Giving a Voice To The Women Activists In Yemen

Yemeni Women at a reservoir in Kawkaban near capital Sana'a. Photo by Raphaël Fauveau and used under a creative commons license.

The Republic of Yemen is an Arab country of more than 23 million people located on the Arabian Peninsula in Southwest Asia. It is the only republic on the Arabian Peninsula (not led by a hereditary monarch) and is one of the poorest countries of the region. Its capital is Sana'a and the language is Arabic. Yemen is so often ignored by the international media and people know little about the country. With an internet penetration of less than 2% we do not usually get alternative perspectives from the citizen journalists. This has so often led to stereotyping of Yemenis.

For example Yemenis enjoy some unique freedom as an expat blogger Jalilah informs:

The veiling of women is not law in Yemen as it is in Saudi Arabia. Many younger, educated women merely cover their heads, but not their faces, and some do not veil at all. Those who do, do so in deference to tradition, not to law. [..]

Yemeni Arabic is quite different from other Arabic dialects and the women additionally speak a dialect all their own. I later learned that this was to insure more privacy and to avoid being understood by the men!

Women constitute only 30 percent of the Yemeni workforce and approximately 70 percent of women in Yemen are illiterate. The gap between men and women is very wide in terms of political empowerment and economic participation but the literacy rate is not that different from men. Various social, religious and political factors are responsible for women's low status (source) and women rarely have the platforms to voice their opinions.

But the Yemeni women are fighting back. For example, Yemeni women activists are fighting against the fundamentalists to prove that Islam does not contradict the use of contraceptives an family planning. But these activities are not much visible to the world. It is the high time when they start to harness the power of internet to help spread their activism and widen their campaigns.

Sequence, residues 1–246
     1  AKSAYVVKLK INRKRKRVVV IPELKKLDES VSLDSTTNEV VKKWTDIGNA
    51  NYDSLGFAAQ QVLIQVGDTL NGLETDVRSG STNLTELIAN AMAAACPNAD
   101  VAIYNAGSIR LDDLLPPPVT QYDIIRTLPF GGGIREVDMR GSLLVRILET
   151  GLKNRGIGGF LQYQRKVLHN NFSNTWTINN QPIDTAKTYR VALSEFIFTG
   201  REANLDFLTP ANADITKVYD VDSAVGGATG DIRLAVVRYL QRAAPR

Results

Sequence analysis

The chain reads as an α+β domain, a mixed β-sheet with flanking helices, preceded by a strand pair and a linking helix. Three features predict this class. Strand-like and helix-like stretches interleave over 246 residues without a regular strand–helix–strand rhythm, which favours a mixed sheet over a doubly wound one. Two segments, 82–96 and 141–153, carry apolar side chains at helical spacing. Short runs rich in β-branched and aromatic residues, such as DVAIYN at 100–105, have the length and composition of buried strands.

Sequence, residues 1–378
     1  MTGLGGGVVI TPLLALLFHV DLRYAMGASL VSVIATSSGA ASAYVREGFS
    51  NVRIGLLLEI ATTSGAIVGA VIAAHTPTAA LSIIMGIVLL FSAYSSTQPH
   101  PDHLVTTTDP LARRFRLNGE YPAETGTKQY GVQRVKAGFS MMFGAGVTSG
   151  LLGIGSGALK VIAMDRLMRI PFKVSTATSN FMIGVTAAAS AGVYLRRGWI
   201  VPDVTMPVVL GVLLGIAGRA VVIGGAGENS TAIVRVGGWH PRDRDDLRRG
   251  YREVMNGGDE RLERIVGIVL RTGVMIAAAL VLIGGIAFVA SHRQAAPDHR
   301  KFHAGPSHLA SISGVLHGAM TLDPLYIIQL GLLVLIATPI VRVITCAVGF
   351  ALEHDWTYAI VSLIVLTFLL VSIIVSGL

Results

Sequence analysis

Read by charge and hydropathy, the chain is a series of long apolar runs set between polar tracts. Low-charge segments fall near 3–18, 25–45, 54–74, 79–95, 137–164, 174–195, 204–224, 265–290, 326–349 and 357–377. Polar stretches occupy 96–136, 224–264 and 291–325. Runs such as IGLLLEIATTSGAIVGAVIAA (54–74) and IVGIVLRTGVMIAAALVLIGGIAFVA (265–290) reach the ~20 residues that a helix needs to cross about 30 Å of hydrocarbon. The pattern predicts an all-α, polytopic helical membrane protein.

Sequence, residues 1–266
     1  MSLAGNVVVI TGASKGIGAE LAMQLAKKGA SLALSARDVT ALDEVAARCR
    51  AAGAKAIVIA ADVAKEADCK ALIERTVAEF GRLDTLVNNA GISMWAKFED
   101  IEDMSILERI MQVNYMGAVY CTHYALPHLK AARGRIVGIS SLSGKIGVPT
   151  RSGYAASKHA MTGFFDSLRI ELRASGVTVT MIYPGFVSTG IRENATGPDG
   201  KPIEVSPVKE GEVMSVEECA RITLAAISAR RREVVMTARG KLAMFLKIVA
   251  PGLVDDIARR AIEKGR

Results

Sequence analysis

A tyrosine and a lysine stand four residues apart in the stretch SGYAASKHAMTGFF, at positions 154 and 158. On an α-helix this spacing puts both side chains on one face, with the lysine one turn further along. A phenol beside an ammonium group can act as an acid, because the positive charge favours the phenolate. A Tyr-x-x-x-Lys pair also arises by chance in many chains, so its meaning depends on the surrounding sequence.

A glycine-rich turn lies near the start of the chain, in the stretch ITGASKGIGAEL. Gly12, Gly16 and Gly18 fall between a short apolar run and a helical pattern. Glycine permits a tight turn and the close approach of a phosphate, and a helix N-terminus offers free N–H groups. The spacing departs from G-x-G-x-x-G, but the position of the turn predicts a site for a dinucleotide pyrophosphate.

Ghaida-Al AbsiGhaida'a Al Absi plans to change the situation with a Rising Voices micro grant. She writes in her blog:

Human rights are being violated in many countries of the world, particularly developing countries, but there are a lot of people do not tolerate it and is trying to promote what is happening in their countries and to the whole world […] But..Yemen has several cases of gross human rights violations are not known to the world, and because of the weakness of civil society institutions and their lack of knowledge of right-wing.

In the project proposal Ghaida'a mentioned that her goal is:

to prepare and conduct a training course in Sana'a, the capital of Yemen. The project will focus on the Politicians women and the women workers in the field of Human Rights. In addition, the main objective of the project is to strengthen the capacity of those women to be able to express their own thoughts through the Internet. The training course will be conducted monthly for four days, two hours a day.

The targeted community is the activists women who work in politics or in the field of human rights. The trainings will give the targeted community the ability to use Internet in order to publish their point of views, documenting their activities and will give them the space to publish the issues they are fighting for.

Now let us learn more about Ghaida'a. She works at the SOUL Organization for Women and Children Development as WIT program assistant. The WIT (Women in Technology) program is about empowering Women in Technology. She is also doing some voluntary work in the organization like preparing training sessions in various topics for the Yemeni girls in WIT Forum.

Ghaida'a at work. Photo courtesy Ghaida'a Al Absi

She is also a volunteer in Yemeni Observatory for Human Rights, and the founder and coordinator of the Hand in hand Initiative, which is which is a forum of a group of youths engaged in raising awareness and rehabilitation of young people to make them able to change the future for the better, through education, information and capacity-building. In addition, she is a member of the MEPI Alumni.

Ghaida'a lecturing

We interviewed her recently in Germany at a conference on new media activism in the Middle East. In this interview she introduces herself and discusses the contents of the workshops, the challenges the project will face, and what she expects from the Rising Voices community.

The contents of the curriculum of this project will cover the use of Internet in publishing the issues concerning the activists and will be generated by three experts (including Ghaida'a) in new media. The guide will be in Arabic language, and will be arranged in handouts to be distributed to the targeted community.

The participants will be taught to create blogs to document their activities, voice their opinions and create a community of activists.

We are eager to follow the activities of the “Empowerment of Women Activists in Media Techniques” project and wish its success.


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